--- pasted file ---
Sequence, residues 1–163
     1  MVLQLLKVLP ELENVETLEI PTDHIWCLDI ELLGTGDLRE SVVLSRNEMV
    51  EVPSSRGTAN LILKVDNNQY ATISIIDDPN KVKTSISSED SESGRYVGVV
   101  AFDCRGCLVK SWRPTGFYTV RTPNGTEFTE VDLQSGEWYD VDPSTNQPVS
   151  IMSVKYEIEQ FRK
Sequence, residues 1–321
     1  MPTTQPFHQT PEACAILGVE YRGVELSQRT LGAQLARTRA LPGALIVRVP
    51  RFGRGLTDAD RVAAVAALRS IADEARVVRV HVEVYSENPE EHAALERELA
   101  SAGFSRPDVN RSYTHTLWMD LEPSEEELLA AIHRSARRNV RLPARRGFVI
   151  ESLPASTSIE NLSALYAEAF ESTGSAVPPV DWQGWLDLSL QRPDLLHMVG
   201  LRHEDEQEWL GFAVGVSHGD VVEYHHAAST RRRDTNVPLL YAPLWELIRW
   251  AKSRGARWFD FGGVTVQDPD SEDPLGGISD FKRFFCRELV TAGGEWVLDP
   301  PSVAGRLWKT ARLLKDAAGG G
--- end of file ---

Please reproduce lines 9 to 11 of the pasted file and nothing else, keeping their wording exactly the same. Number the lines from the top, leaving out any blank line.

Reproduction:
   101  SAGFSRPDVN RSYTHTLWMD LEPSEEELLA AIHRSARRNV RLPARRGFVI
   151  ESLPASTSIE NLSALYAEAF ESTGSAVPPV DWQGWLDLSL QRPDLLHMVG
   201  LRHEDEQEWL GFAVGVSHGD VVEYHHAAST RRRDTNVPLL YAPLWELIRW